Anna Scavolini is an academic who works in Rome as a university lecturer and holds a doctorate in feminist criminology. Born and brought up in Glasgow, Scotland she left for Rome after she left school. Anna is short, single and in her early thirties. She seems very estranged from her mother and she rarely keeps in touch with even her best friends. Anna takes prescribed Lithium to treat her bipolar disorder.
To break her habit of being a loner, and at the repeated behest of her old school chum Zoe, she flies back to Glasgow to celebrate Zoe’s birthday. It is a snowy Glasgow December…
She encounters Andrew Foley, an old crush, in the nightclub where Zoe is having her birthday bash. They talk a while, then he disappears. Several hours later Anna finds his bleeding body in the Kelvingrove Park. He dies in her arms.
Thus begins a police investigation into Foley’s murder. Anna is interrogated by the police and they confiscate her passport. So, as she is unable to fly home, she figures she might as well do a little investigating of her own…
I’ll admit it took me quite a while to warm to Anna Scavolini. Likely in part to the fact that she doesn’t want people to warm to her. She has very few people in her life and that is the way she seems to prefer it. She abandoned her Jewish faith along with her family. Even though she was back home in Glasgow, she made zero effort to contact her mother.
I thoroughly enjoyed the rapport between Anna and her old school friend Zoe, though even in this relationship she seems to be holding back.
I appreciated the writing. “His wasn’t an unkind face, but it didn’t look like the sort that did much smiling.”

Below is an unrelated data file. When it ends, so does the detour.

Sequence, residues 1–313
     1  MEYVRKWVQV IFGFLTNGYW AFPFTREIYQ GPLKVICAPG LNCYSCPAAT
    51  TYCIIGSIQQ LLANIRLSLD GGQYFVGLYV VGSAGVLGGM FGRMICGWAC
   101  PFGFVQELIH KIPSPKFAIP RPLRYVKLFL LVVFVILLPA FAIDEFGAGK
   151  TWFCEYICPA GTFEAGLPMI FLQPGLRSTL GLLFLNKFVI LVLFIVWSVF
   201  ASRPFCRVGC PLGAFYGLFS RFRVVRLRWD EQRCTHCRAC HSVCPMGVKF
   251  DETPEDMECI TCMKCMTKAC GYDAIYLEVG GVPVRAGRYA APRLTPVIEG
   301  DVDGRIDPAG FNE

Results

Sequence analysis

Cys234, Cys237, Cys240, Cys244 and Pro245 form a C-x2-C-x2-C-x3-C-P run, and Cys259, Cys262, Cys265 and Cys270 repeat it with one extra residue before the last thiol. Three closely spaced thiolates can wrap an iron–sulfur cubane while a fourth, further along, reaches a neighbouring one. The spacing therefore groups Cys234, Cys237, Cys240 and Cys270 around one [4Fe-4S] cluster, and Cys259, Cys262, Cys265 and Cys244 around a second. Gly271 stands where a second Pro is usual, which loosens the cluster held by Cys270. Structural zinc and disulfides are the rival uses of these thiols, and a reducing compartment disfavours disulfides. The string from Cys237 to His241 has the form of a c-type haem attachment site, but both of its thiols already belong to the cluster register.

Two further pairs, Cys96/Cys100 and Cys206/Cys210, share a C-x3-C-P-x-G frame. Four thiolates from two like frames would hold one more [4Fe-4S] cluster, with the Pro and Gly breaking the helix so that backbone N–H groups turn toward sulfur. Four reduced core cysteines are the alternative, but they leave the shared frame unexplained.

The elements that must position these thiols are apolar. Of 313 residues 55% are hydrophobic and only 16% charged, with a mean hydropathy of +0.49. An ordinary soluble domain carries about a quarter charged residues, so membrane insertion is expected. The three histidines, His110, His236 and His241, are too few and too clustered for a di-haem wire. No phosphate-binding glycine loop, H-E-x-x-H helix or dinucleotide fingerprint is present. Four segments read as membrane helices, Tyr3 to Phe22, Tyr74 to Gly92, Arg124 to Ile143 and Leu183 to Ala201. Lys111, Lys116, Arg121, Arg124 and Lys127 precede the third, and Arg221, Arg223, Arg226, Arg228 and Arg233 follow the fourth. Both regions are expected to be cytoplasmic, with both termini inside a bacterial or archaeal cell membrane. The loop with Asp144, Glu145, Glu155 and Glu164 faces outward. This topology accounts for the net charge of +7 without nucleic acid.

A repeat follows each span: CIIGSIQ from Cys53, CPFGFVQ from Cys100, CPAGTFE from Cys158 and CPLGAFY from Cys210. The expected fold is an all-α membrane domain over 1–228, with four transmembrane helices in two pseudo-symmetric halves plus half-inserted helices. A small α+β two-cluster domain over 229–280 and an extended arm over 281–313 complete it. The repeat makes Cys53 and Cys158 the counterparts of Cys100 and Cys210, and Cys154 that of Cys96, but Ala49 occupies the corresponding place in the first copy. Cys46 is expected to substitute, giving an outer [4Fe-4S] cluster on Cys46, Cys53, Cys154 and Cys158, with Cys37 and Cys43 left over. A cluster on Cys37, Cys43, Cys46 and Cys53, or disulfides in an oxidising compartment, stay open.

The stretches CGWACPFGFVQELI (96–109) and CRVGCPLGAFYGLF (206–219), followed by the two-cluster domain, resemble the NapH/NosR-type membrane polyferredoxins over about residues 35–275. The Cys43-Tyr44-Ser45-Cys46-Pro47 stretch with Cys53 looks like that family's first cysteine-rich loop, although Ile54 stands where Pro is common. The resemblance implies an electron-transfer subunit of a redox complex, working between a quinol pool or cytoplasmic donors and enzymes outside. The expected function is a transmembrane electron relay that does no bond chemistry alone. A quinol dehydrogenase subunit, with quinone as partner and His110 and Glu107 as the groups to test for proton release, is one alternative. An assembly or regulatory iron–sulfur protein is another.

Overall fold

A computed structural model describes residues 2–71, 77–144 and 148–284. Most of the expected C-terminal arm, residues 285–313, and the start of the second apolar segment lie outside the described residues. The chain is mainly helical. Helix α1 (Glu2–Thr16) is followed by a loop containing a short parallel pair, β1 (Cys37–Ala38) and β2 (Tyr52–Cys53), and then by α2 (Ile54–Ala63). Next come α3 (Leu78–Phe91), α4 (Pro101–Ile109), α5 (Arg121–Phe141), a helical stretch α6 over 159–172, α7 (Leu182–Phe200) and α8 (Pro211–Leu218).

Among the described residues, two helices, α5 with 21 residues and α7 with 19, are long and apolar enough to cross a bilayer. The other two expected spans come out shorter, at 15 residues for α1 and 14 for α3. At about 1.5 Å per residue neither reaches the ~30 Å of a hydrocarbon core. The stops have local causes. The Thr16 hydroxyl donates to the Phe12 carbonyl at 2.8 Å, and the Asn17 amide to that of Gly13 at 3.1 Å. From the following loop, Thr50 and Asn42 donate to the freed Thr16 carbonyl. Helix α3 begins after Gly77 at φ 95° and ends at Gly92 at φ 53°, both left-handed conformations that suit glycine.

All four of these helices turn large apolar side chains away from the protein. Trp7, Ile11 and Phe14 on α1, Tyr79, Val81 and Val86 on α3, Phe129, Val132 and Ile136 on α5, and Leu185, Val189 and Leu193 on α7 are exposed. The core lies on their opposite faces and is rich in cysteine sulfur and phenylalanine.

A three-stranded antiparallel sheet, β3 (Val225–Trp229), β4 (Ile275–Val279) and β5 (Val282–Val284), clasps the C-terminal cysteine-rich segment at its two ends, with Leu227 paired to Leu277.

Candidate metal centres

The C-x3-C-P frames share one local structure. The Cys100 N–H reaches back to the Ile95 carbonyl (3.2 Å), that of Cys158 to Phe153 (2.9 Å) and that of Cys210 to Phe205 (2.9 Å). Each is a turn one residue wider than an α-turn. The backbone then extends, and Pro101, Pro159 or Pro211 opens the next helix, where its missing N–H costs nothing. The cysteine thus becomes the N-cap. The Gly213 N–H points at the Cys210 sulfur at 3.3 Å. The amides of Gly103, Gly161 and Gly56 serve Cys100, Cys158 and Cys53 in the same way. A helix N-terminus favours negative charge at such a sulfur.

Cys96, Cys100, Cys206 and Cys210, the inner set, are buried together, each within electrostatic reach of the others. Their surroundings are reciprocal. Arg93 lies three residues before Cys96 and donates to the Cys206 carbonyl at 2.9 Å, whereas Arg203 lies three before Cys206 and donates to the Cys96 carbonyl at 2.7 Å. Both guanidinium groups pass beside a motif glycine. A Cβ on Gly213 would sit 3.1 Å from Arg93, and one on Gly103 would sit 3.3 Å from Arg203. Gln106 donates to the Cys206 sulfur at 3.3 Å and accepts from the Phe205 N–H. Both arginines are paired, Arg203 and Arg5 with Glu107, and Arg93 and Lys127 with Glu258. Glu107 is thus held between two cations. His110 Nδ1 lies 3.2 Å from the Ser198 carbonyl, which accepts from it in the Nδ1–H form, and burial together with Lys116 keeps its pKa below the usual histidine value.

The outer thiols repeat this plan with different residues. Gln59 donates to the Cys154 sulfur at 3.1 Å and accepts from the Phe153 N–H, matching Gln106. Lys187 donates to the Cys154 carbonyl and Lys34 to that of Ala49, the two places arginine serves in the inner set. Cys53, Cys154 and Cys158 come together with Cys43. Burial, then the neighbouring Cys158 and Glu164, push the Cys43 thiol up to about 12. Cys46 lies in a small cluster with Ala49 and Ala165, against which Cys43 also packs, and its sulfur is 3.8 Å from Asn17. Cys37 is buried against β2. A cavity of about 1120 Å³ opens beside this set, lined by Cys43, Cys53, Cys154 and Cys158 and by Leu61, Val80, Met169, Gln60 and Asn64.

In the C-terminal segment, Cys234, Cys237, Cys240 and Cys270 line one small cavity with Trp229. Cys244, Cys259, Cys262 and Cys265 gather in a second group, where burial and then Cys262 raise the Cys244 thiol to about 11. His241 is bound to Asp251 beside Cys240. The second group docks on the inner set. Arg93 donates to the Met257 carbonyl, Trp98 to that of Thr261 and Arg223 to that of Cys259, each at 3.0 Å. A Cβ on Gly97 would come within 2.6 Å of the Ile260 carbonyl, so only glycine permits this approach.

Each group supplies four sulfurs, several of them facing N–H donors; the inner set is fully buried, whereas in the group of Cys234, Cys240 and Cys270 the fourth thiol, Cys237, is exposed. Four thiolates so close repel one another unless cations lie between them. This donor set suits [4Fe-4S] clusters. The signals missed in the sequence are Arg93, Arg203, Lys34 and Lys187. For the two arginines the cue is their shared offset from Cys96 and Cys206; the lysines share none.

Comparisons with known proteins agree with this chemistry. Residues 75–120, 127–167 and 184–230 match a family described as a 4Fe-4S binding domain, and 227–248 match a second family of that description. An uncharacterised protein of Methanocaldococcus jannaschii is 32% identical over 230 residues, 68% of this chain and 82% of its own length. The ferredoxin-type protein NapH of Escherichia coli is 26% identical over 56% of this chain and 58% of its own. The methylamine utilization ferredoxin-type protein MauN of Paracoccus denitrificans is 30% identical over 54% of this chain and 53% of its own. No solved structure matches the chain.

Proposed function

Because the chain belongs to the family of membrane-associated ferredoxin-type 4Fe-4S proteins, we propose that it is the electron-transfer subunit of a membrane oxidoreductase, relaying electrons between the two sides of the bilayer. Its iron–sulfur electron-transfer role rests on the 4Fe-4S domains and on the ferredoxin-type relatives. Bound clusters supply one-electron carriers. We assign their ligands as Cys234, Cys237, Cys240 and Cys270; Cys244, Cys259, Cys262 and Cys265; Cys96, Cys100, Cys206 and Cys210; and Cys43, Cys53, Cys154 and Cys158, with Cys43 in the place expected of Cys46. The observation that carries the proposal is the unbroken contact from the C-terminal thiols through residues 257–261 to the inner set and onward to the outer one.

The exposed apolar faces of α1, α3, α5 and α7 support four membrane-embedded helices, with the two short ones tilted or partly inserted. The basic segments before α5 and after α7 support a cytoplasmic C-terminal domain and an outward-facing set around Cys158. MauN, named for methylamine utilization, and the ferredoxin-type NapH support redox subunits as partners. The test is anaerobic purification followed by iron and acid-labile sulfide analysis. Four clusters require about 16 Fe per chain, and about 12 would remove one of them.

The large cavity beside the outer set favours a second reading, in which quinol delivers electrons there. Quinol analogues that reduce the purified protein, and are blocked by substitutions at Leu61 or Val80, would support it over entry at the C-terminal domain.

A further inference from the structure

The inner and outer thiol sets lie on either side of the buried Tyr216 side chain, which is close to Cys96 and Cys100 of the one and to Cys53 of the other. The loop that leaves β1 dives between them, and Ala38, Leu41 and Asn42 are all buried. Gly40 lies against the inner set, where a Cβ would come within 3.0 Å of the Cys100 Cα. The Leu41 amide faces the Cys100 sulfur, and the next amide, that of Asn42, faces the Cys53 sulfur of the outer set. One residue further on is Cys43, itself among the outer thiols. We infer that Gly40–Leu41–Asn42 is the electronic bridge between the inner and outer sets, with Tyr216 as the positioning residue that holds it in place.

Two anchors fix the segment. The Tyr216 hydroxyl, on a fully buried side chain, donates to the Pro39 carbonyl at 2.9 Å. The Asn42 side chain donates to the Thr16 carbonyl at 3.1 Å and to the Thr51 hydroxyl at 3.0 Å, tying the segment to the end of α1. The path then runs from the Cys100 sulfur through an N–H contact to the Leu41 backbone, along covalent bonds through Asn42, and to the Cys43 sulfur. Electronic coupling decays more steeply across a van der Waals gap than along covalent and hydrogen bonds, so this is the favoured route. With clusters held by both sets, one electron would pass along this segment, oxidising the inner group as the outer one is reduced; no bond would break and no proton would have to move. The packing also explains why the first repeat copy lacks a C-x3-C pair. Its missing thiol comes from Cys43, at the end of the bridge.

The crimes themselves were disturbing – almost as disturbing as the event that precipitated them.
The wintery Glasgow setting was expertly described and made vivid to the reader. The author’s affection for his home city was very apparent.
Anna’s actions sometimes stretched the bounds of credibility. Why would she invest in this case? What had she to gain? She took some crazy risks, which I think were below a woman of her experience and intelligence. I couldn’t understand her dislike of the police, which seems more ingrained that the situation warranted.
The denouement of the novel was highly satisfactory, though quite tense and emotionally draining. This is a debut novel and the first in a Tartan Noir crime series featuring Dr. Anna Scavolini. I have the second novel in the series loaded on my Kindle and I’m looking forward to her development as a character.This review was written voluntarily and my rating was in no way influenced by the fact that I received a complimentary digital copy of this novel from Bloodhound Books via NetGalley. My apologies to the author for letting this excellent debut novel linger on my TBR for FAR too long…
M.R. Mackenzie was born and lives in Glasgow, Scotland. He studied at Glasgow University and has an MA in English and a PhD in Film Studies.
In addition to writing, he works as a Blu-ray/DVD producer and has overseen releases of films by a number of acclaimed directors, among them Dario Argento, Joe Dante, Hideo Nakata and Jacques Tourneur. Writing as Michael Mackenzie, he has contributed chapters to books on cult cinema and regularly provides video essays and liner notes for new releases of celebrated films. He used to work in a library, before leaving to spend more time with books.
In 2019, his first novel, In the Silence, was shortlisted for the Bloody Scotland Scottish Crime Debut of the Year and longlisted for the McIlvanney Prize. His third novel, The Library Murders, was featured in Crime Time’s Best of the Year 2020 list.